Sam Benen

Personal Finance, Retirement, Investing
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“With a decade of experience in the financial world, Sam Benen is committed to being a helpful resource for a wide range of personal financial decisions.”
Firm:

SJBenen Advisory, LLC

Job Title:

Investment Adviser

Biography:

Sam Benen is an Investment Advisor at SJBenen Advisory, LLC, a Registered Investment Adviser firm, established in 2016, located in Chapel Hill, North Carolina. Sam and his team are committed to upholding the highest standards of ethical conduct and acting as a fiduciary to serve the best interests of his clients above all else.

Sam has been in the investing business since graduating from Princeton in 2007 with a Bachelor’s degree in economics.  He got his start in financial markets right out of college working as a trading assistant at Susquehanna International Group, participating in arbitrage strategies in options and ETFs. Sam worked for nearly 4 years as a trader at a hedge fund in Greenwich, Connecticut called Paloma Partners, where he worked for one of their internal groups called Xaraf Management.  At Xaraf, Sam and his team traded in a wide range of derivatives markets, ranging from bonds to stocks to currencies. He worked for nearly 5 years as a portfolio manager at Talpion, a family office in New York City. His focus there was trying to generate absolute return in all market environments, meaning he tried to make returns whether the market was up or down by finding niche pockets of financial markets where he had an edge. 

Sam was a top-ranked chess player in the nation, winning 7 individual national chess championships between the ages of 8 and 18.  He is an ever-aspiring dilettante at all kinds of strategic games like Scrabble, Boggle, gin rummy, poker, and his favorite of them all, golf.  Sam is originally from New York City and now lives with his wife in Chapel Hill, North Carolina.

Education:

BA, Economics, Princeton University

Assets Under Management:

$42 million

CRD Number:

6634000

Disclaimer:

SJBENEN ADVISORY, LLC IS A REGISTERED INVESTMENT ADVISER. INFORMATION PRESENTED IS FOR EDUCATONAL PURPOSES ONLY AND DOES NOT INTEND TO MAKE AN OFFER OR SOLICITATION FOR THE SALE OR PURCHASE OF ANY SPECIFIC SECURITIES, INVESTMENTS, OR INVESTMENT STRATEGIES. INVESTMENTS INVOLVE RISK AND UNLESS OTHERWISE STATED, ARE NOT GUARANTEED. BE SURE TO FIRST CONSULT WITH A QUALIFIED FINANCIAL ADVISER AND/OR TAX PROFESSIONAL BEFORE IMPLEMENTING ANY STRATEGY DISCUSSED HEREIN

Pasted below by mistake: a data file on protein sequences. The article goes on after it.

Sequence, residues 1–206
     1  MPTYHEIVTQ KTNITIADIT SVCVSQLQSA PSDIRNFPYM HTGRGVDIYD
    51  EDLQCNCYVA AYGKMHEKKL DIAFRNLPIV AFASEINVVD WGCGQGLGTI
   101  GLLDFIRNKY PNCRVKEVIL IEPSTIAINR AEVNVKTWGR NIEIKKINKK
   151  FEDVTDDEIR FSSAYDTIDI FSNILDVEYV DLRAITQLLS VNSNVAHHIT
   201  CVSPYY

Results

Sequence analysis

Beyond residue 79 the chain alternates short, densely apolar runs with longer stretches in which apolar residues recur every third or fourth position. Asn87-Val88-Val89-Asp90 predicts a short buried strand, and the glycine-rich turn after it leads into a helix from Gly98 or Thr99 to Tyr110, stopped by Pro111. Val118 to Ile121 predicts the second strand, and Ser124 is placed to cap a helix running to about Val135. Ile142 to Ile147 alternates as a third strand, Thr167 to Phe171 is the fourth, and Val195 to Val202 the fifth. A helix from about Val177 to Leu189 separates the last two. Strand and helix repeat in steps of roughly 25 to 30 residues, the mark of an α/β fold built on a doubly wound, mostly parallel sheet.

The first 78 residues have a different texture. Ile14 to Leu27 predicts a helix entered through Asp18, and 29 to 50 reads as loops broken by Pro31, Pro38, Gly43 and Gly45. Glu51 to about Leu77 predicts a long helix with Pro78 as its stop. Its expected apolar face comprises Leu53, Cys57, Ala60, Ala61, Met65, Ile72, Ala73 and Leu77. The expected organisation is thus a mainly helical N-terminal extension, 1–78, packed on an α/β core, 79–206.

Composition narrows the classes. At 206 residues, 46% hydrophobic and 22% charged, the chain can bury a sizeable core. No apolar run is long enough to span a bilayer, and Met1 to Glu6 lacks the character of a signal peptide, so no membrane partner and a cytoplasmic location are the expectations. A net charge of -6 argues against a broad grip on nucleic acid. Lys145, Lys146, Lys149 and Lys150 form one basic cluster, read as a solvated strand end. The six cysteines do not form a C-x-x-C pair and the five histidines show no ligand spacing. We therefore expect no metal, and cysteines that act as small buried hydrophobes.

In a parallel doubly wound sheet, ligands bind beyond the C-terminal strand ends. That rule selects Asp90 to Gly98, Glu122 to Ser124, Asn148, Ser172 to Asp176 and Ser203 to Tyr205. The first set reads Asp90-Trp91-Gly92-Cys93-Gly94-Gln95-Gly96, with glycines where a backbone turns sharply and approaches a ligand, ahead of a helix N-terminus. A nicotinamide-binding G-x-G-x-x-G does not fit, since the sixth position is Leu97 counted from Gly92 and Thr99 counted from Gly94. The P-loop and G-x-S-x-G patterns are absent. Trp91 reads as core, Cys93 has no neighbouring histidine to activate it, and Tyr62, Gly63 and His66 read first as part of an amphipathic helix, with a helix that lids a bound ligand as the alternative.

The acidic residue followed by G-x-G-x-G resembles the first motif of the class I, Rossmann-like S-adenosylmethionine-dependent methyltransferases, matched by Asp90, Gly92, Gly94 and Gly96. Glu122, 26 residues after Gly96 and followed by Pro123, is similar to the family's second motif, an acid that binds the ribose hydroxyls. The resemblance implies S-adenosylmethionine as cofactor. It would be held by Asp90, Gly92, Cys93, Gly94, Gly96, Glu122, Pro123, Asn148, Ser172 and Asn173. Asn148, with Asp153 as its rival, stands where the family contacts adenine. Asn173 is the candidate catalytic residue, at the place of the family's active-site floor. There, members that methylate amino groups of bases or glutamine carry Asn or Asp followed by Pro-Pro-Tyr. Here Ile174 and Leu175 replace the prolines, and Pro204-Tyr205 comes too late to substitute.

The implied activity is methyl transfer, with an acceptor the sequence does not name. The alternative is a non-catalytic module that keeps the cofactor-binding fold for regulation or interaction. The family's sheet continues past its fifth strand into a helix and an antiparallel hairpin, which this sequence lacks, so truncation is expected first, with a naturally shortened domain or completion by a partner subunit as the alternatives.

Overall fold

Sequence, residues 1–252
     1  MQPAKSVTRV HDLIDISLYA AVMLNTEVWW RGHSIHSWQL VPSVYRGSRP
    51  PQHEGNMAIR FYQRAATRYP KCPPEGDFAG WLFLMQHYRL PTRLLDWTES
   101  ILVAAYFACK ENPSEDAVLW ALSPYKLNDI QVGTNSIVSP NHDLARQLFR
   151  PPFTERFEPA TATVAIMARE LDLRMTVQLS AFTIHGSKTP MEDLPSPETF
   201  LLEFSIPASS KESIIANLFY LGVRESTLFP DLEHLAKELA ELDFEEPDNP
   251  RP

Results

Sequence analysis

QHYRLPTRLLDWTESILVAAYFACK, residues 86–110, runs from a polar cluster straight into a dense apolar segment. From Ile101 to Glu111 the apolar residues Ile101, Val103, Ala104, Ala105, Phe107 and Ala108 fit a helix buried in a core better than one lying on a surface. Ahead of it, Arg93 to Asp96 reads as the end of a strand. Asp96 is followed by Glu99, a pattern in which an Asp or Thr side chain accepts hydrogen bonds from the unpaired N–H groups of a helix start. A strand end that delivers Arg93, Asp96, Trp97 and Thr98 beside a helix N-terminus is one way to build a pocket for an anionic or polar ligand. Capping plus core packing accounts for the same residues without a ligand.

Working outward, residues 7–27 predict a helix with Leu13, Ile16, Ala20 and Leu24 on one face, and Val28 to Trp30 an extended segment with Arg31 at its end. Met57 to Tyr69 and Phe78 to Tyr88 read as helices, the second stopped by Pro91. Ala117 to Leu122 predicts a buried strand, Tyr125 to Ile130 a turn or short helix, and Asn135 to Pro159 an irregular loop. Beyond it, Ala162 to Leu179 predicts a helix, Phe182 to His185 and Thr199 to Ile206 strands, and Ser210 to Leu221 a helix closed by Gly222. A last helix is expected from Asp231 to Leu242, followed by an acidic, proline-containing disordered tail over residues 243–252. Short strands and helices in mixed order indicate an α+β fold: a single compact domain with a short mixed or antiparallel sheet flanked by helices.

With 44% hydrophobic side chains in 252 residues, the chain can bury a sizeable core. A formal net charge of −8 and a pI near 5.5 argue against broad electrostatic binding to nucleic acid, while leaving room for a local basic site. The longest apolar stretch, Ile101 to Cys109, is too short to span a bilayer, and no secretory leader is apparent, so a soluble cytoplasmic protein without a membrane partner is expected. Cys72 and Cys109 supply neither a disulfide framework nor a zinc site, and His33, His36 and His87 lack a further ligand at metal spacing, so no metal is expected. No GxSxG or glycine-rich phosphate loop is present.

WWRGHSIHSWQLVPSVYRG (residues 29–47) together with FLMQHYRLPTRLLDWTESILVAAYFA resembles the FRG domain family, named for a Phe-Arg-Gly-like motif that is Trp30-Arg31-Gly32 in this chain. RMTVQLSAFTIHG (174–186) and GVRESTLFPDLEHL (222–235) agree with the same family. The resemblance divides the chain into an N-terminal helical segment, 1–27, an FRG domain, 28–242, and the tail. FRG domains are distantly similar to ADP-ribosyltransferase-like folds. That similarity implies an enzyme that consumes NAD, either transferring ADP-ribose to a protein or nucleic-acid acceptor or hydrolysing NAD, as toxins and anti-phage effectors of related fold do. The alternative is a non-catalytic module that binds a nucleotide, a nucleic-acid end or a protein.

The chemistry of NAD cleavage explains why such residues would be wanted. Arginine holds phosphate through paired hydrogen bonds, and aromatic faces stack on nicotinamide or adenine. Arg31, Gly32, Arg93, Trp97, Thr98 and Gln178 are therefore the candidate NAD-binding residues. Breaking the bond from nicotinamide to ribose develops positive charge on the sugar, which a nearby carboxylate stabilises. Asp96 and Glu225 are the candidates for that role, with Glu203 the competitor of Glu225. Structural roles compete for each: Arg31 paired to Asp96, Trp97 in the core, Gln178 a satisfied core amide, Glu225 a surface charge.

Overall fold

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  • Sam Benen -- SJBenen Advisory, LLC
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May 2017

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    Investing, ETFs
How do I differentiate and determine which ETF is right for me?
79% of people found this answer helpful

Here's a quick guide to ETFs for beginners looking to manage their own money: Look at broad-based index ETFs with a total expense ratio under 0.15%. You can browse around on the websites of Vanguard and iShares for index ETFs with extremely low fees and many holdings. On the information page for each ETF, they will show you the number of holdings (you want very high) and the expense ratio (you want very low).

Do not use leveraged ETFs or anything fancy like that. Those are for speculators and not for long-term investors. Think ETFs with names like "Total US Market," "All-world ex-US," and "Aggregate bond."

Also, look for brokerage arrangements where you can trade ETFs without commissions. For example, in a Vanguard account, you can trade Vanguard ETFs without commissions, and in a Fidelity account, you can trade iShares ETFs without commissions. Paying zero commissions and micro fees (under 0.15%) will help you get to your beach house faster, while paying high commissions and high fees will only help pay for the broker's beach house! In all seriousness, fees are an important component of total return for long-term investing, so make sure to keep them low!

If you do not want to manage your own money or need further help, consult with an advisor or financial planner to discuss personal goals and asset allocation strategies.

February 2017
    Debt, Investing
Should I begin to invest despite being in debt?
77% of people found this answer helpful
May 2017
    Debt, Financial Planning, Retirement, Investing
Should I use my saved money to pay off my mortgage or invest?
75% of people found this answer helpful
5 weeks ago
    Real Estate
Is it a sound financial decision to buy a house that you will only live in for four to five years?
71% of people found this answer helpful
February 2018
    Banking, Bonds / Fixed Income
In the movie The Big Short, how does Dr. Burry buy credit default swaps?
71% of people found this answer helpful
September 2017